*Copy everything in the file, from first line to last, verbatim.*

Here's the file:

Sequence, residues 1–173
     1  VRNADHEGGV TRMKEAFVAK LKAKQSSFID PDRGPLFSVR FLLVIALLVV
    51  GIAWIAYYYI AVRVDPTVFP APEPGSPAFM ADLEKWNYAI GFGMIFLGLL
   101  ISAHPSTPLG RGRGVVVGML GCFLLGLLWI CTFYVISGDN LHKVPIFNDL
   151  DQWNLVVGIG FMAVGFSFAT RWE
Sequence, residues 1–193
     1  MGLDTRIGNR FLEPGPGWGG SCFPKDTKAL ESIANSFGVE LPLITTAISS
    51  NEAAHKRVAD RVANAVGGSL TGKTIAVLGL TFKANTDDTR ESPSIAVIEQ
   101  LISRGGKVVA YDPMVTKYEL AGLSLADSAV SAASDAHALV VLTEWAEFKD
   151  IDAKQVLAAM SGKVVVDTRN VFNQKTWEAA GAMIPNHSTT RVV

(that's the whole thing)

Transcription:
Sequence, residues 1–173
     1  VRNADHEGGV TRMKEAFVAK LKAKQSSFID PDRGPLFSVR FLLVIALLVV
    51  GIAWIAYYYI AVRVDPTVFP APEPGSPAFM ADLEKWNYAI GFGMIFLGLL
   101  ISAHPSTPLG RGRGVVVGML GCFLLGLLWI CTFYVISGDN LHKVPIFNDL
   151  DQWNLVVGIG FMAVGFSFAT RWE
Sequence, residues 1–193
     1  MGLDTRIGNR FLEPGPGWGG SCFPKDTKAL ESIANSFGVE LPLITTAISS
    51  NEAAHKRVAD RVANAVGGSL TGKTIAVLGL TFKANTDDTR ESPSIAVIEQ
   101  LISRGGKVVA YDPMVTKYEL AGLSLADSAV SAASDAHALV VLTEWAEFKD
   151  IDAKQVLAAM SGKVVVDTRN VFNQKTWEAA GAMIPNHSTT RVV